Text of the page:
Louisiana Prepares For Pandemic Flu Outbreak

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While Louisiana’s citizens prepare for seasonal flu, the state’s health care experts and medical professionals are preparing for a pandemic flu outbreak. It has been almost 40 years since the last pandemic flu outbreak swept the globe, killing more than one million people worldwide. However, health experts predict a worldwide influenza outbreak in the very near future, making planning critical.

Thursday the Louisiana Department of Health and Hospitals and Office of Public Health (DHH-OPH) will host a pandemic flu summit at the Gillis Long Center in Carville. DHH-OPH officials will teach the state’s health care providers and emergency personnel about the virus and how to prepare their agency or facility for this threat. Because a pandemic flu will affect the entire country, Louisiana cannot count on getting assistance from other states or the federal government.

"This is a very real threat," said DHH State Health Officer Dr. Jimmy Guidry. "It’s not a matter of ‘if’ a pandemic flu will strike, but a matter of ‘when.’ That’s why it’s imperative we meet and plan with the people who will be on the front lines when this virus emerges."

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The state is also embarking on new training opportunities for health care professionals by offering a free Web-based pandemic flu course. The course will help provide doctors, nurses and allied health professionals the most up-to-date information on pan flu preparedness. The course was developed through a partnership between Louisiana and the University of North Carolina. Those taking the course can obtain medical professional credits.

A pandemic is a global outbreak of a new influenza virus. Because it would be a new strain, most people would not have immunity to the virus. The disease would be able to spread rapidly from person to person, causing large numbers of people to become ill. There were three pandemics in the 20th century alone, the most infamous being the Spanish Flu pandemic of 1918, which killed over 50 million people worldwide.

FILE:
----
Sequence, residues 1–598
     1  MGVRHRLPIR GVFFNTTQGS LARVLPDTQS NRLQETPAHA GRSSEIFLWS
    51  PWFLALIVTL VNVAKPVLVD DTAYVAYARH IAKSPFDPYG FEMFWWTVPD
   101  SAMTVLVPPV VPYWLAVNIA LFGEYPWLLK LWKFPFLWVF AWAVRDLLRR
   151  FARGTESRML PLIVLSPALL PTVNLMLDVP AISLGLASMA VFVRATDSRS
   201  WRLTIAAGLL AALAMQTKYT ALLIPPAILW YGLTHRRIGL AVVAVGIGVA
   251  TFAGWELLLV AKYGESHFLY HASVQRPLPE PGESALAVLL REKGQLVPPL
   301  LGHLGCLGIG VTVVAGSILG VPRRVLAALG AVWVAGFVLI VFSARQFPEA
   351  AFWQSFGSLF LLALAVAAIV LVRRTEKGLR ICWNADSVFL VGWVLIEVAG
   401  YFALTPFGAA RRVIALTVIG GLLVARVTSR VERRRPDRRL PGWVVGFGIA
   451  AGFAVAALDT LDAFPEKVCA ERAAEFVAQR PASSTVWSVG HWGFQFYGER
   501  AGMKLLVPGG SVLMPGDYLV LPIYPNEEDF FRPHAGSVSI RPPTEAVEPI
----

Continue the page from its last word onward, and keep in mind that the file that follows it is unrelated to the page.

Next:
"The fact that a pandemic stems from a new virus is what makes it such a threat," explained Dr. Guidry. "A vaccine would not be able to be developed for several months, and even when it is, it would not be available in mass quantities."

The need for this kind of preparation and concern is evident in the grim statistics predicted in the impact of a pandemic flu today. In Louisiana alone, as many as 6,000 people could be killed by a rampant new flu virus, and up to 22,000 could require hospitalization. The impact would reach every level of society as nearly 25 percent of the workforce is expected to be absent. Schools from kindergarten to college would face closures lasting months, and businesses and agencies would need to find a way to continue delivering essential services.

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